Apart from the usual suspects, Kelly has also noticed a few young successors to the throne that could also feature.
“I think Sep Vanmarcke is a rider we could see at the Tour of Flanders,” Kelly says of Garmin-Barracuda’s 23-year-old winner of Omloop Het Niewsblaad. “He’s that style of rider. The short hills he can get up. The longer hills I don’t think he’s able to do at the moment, but he is young and again, it’s all about experience. Because he’s from Belgium, he knows the roads so well and all of that is a huge factor in Flanders and we will probably see him in Roubaix too.
“I think the other guy that we will see is John Degenkolb of [Project]1t4i. I was really surprised to see him getting over the Poggio and getting up in the finale even if he has been third in the under-23 Tour of Flanders. We’ve seen guys win U23 classics, but to be able to manage the distance with the pros is another thing. When you get to the bottom of the Poggio, you’ve 275km done; that’s around 80km more than the U23 Paris-Roubaix. That’s a huge performance. He paid a bit in the end. He got beaten in the sprint by Sagan because he went so deep on the Poggio that it knocked the sprint out of him, but Degenkolb has made a big step in San Remo. He could make another big step forward in Flanders.”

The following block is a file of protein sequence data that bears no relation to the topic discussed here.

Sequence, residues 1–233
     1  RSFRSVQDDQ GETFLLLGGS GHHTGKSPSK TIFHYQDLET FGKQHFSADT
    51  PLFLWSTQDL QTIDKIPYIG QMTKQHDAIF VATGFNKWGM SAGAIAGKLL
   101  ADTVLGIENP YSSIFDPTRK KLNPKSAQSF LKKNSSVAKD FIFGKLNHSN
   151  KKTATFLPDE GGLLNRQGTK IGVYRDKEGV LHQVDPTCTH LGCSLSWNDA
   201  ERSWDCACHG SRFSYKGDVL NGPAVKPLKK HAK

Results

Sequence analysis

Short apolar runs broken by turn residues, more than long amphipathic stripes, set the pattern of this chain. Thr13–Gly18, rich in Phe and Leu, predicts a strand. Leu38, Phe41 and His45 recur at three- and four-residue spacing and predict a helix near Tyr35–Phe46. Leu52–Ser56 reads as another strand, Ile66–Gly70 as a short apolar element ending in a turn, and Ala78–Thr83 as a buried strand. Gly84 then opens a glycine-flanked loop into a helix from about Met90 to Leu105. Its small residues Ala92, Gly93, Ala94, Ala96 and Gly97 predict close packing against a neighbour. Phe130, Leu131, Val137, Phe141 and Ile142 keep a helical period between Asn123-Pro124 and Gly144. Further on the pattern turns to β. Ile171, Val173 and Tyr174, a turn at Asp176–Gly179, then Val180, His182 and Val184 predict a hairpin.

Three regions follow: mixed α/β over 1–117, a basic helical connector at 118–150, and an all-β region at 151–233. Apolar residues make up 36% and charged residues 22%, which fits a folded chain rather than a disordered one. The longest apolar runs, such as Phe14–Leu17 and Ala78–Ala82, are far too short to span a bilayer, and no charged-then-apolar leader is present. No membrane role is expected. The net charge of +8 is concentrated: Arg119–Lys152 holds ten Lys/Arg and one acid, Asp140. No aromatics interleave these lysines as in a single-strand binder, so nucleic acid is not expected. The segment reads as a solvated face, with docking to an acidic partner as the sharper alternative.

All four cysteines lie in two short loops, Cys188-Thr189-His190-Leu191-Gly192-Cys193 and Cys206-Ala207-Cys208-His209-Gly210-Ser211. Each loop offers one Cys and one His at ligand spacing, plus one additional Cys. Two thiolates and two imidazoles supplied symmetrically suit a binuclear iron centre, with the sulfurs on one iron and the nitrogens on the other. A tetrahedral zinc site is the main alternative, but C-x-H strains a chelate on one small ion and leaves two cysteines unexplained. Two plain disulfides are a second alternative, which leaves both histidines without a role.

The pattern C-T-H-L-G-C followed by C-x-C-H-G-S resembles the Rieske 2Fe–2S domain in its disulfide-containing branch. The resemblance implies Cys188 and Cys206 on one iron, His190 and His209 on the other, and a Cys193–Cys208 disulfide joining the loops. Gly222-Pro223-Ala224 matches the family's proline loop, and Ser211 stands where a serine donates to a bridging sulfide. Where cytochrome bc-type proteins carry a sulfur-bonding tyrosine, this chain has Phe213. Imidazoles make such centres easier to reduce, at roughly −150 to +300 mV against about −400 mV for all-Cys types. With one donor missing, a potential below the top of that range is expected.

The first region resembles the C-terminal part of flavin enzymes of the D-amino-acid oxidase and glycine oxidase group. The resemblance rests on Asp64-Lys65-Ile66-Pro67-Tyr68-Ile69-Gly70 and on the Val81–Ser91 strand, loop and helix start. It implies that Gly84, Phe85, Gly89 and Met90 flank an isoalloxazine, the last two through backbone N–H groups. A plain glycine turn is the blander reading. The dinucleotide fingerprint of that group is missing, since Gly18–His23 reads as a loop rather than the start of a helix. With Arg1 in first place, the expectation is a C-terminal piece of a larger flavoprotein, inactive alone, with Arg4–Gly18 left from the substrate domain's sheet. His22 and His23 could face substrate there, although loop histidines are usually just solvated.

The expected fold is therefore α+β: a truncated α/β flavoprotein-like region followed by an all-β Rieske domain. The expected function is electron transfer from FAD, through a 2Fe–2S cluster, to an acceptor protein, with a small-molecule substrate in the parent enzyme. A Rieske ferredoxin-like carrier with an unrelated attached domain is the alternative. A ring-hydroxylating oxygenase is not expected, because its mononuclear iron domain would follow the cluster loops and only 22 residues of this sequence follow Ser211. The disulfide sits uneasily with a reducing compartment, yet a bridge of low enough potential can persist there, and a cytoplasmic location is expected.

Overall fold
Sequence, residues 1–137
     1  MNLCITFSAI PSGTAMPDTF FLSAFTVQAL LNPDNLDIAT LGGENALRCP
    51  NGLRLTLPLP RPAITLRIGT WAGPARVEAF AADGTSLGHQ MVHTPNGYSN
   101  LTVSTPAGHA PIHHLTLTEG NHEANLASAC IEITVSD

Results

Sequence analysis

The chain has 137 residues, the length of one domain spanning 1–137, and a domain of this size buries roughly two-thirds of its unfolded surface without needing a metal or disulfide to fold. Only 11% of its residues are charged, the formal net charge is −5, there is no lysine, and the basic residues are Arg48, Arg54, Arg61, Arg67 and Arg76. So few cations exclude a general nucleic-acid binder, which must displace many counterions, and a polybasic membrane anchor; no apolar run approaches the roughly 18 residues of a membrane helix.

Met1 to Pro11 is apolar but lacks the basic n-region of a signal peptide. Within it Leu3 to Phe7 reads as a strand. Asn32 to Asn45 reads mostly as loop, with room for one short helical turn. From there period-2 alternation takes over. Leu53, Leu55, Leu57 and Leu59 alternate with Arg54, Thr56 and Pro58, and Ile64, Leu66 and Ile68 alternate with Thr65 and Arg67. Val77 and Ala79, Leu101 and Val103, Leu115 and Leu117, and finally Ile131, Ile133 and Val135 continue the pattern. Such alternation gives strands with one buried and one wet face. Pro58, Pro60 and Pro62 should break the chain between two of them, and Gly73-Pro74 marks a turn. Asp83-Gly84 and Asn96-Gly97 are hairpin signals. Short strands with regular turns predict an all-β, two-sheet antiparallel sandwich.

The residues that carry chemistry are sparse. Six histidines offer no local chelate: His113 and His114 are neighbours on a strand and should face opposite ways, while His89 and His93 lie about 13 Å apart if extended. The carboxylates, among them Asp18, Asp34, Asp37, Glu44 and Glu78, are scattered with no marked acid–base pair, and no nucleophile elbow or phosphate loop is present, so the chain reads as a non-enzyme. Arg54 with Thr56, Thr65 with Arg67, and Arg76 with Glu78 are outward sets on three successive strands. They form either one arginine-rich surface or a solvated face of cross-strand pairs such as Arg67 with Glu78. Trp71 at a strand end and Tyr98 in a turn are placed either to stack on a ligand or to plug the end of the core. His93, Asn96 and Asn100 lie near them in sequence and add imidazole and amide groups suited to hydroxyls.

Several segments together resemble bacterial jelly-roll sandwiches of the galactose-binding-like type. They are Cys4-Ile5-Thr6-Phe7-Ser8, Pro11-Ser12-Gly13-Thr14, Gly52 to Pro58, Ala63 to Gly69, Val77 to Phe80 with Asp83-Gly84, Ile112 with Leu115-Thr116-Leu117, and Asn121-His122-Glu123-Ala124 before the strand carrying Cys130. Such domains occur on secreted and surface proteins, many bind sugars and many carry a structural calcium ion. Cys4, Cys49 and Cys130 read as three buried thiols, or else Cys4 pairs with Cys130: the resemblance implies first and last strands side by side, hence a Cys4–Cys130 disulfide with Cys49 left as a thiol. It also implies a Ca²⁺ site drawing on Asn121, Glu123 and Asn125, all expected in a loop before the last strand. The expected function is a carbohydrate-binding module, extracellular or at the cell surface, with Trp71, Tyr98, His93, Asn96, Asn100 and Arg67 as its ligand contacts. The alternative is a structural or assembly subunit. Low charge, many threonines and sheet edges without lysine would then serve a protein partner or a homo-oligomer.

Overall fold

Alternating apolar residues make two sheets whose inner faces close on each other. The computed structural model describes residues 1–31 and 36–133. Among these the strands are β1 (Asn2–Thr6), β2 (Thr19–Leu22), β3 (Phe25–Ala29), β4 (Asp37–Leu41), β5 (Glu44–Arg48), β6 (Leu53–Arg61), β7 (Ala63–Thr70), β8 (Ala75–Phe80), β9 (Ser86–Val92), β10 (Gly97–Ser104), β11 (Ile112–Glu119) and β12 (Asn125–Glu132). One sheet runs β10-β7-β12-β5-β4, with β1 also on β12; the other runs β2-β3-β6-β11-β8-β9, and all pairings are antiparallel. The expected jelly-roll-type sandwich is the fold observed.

And what of his compatriots in the pro peloton? Can Kelly see an Irish classics winner this year, the first since his final classic win in San Remo in 1992?
“Dan Martin is capable of winning a race like Flèche Wallone,” he said of the Garmin climber. “If he gets into his best shape and the circumstance is right, he can win it. The weather has to be right too. You don’t want a horrible, cold, wet day because he’s not built for that, but it’s definitely within his grasp.”